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If Your Diet Involves Intermittent Fasting, It's Probably Making You Smarter Too, and We're Intrigued

The ancient practice of fasting finds new acolytes for its brain-boosting benefits, further proven by a new study on mice.

If Your Diet Involves Intermittent Fasting, It's Probably Making You Smarter Too, and We're Intrigued

Diets based on intermittent fasting — cycling between periods of eating normally and eating nothing — are all the rage right now, with everyone from Silicon Valley tech workers to celebrities like Hugh Jackman and The Rock extolling the benefits. But do they really work?

Yes, say experts, and not only do they result in weight loss, recent research shows they improve cognitive function as well.

Adherents to regimens such as 5:2 (eat for five days, fast for two days) have long maintained that intermittent fasting allows for increased productivity and focus, and a new study performed on mice backs up this claim.

As first reported by New Scientist, researchers at the National Institute of Aging studied 40 mice who were either given food every other day or provided their normal daily diet. Though both sets of mice consumed the same number of calories over the course of a week, the intermittent-fasting mice were found to have a 50 percent increase in a chemical called brain-derived neurotrophic factor, or BDNF. BDNF has been found to promote the growth of new nerve cells and synapses, resulting in improved cognitive function.

BDNF is stimulated by ketones, which are released when the body metabolizes fat stores. According to Dr. Mark Mattson of the National Institute of Aging, the human body can only run off glucose energy, which is stored in the liver, for 10-14 hours; after this point, the body switches to stored fat.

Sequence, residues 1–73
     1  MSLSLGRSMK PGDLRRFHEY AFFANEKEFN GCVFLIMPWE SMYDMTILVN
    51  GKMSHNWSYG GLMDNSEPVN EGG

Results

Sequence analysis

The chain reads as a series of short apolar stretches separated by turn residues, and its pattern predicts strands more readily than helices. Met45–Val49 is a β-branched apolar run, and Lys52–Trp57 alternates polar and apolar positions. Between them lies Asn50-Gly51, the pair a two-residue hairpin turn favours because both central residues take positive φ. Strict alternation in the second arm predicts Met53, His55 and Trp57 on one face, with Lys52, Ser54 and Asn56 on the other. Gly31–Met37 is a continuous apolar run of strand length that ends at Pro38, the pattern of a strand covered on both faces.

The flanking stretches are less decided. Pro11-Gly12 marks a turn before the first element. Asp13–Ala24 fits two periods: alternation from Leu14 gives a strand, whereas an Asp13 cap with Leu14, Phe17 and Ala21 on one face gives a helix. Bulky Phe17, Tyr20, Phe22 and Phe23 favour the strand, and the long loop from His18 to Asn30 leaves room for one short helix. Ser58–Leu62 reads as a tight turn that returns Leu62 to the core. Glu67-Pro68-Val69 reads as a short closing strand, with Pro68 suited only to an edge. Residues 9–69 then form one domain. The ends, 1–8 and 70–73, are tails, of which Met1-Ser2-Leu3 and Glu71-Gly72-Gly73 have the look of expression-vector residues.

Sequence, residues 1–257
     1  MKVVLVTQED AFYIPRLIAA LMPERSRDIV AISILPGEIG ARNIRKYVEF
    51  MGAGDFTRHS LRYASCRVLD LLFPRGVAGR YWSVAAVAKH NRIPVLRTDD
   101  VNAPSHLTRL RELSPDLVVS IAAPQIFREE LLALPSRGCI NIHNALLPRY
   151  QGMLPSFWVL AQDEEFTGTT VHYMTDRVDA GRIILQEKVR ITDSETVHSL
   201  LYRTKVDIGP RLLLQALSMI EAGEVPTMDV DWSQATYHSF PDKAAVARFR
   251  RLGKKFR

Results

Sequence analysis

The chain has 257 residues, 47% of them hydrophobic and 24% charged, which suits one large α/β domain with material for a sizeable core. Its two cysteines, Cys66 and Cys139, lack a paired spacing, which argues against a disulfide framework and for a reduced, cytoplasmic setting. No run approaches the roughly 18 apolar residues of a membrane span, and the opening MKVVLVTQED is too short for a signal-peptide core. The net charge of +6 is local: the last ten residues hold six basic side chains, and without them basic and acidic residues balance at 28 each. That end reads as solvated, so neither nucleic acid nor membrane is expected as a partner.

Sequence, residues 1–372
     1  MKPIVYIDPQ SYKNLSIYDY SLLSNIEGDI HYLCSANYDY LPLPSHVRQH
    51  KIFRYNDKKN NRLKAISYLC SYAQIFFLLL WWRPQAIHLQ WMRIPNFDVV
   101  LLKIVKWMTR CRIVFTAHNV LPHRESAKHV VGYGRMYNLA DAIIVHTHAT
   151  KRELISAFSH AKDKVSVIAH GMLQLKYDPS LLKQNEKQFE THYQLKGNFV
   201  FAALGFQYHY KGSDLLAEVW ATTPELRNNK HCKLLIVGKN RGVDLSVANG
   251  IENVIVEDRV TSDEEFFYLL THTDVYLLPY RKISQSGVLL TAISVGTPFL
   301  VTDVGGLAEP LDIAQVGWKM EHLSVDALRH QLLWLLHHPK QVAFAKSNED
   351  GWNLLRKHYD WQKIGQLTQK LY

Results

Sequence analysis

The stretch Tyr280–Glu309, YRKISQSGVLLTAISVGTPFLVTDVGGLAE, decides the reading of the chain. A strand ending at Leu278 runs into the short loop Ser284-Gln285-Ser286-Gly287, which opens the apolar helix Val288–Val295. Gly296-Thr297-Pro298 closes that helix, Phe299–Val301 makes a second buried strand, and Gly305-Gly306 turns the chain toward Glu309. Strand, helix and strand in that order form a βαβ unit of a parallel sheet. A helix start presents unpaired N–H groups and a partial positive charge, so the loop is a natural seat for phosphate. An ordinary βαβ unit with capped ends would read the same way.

“When [glucose] stores are out, human, as well as animal bodies switch to fat stores, which are converted into compounds called ketones in the blood,” Mattson told The Daily Mail. “Ketones act directly on the nerve cells to stimulate production of BDNF and may help optimise cognition, learning and memory building.”

For this reason, simply eating less every day — while it may aid in weight loss — does not reap the cognitive benefits of intermittent fasting.

“People who eat three meals a day but have an overall relatively low calorie intake — between 1,800 and 2,000 — replenish their liver energy stores. So they may go six hours between meals, but that's not enough to elevate ketones,” Mattson said.

Despite its recent resurgence in popular culture, the practice of fasting to increase concentration, memory and creativity has been around for centuries. Not only is it a traditional spiritual practice in almost every major religion, fasting’s benefits were extolled by ancient Greeks such as Pythagoras. “Therapeutic fasting” was also considered a cure-all in the 19th century, used to treat everything from heart disease to allergies and obesity. According to Dr. Mattson of the National Institute of Aging, it follows, then, that human bodies may actually have been designed to fast for maximum health benefits.

“One would assume that in evolution, individuals whose brains did not function well in fasting state were likely not to survive,” Mattson said, “so, we evolved to eat intermittently, and it's important that the brain function well — perhaps even optimally — when we haven’t been able to eat for an extended time period.”